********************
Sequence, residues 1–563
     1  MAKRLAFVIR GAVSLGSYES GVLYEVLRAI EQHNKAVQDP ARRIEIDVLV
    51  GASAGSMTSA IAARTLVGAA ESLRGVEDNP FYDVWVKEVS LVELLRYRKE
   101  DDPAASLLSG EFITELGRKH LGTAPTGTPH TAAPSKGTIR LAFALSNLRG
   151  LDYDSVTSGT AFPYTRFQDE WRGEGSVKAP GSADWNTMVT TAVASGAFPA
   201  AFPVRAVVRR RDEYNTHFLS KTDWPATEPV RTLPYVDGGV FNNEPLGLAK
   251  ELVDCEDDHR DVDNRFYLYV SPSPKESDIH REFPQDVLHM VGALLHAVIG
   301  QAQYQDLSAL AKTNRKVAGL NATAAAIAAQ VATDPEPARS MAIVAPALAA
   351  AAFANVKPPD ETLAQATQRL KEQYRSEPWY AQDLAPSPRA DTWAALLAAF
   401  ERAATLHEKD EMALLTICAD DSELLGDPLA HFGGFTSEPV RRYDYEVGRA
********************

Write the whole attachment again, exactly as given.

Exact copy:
Sequence, residues 1–563
     1  MAKRLAFVIR GAVSLGSYES GVLYEVLRAI EQHNKAVQDP ARRIEIDVLV
    51  GASAGSMTSA IAARTLVGAA ESLRGVEDNP FYDVWVKEVS LVELLRYRKE
   101  DDPAASLLSG EFITELGRKH LGTAPTGTPH TAAPSKGTIR LAFALSNLRG
   151  LDYDSVTSGT AFPYTRFQDE WRGEGSVKAP GSADWNTMVT TAVASGAFPA
   201  AFPVRAVVRR RDEYNTHFLS KTDWPATEPV RTLPYVDGGV FNNEPLGLAK
   251  ELVDCEDDHR DVDNRFYLYV SPSPKESDIH REFPQDVLHM VGALLHAVIG
   301  QAQYQDLSAL AKTNRKVAGL NATAAAIAAQ VATDPEPARS MAIVAPALAA
   351  AAFANVKPPD ETLAQATQRL KEQYRSEPWY AQDLAPSPRA DTWAALLAAF
   401  ERAATLHEKD EMALLTICAD DSELLGDPLA HFGGFTSEPV RRYDYEVGRA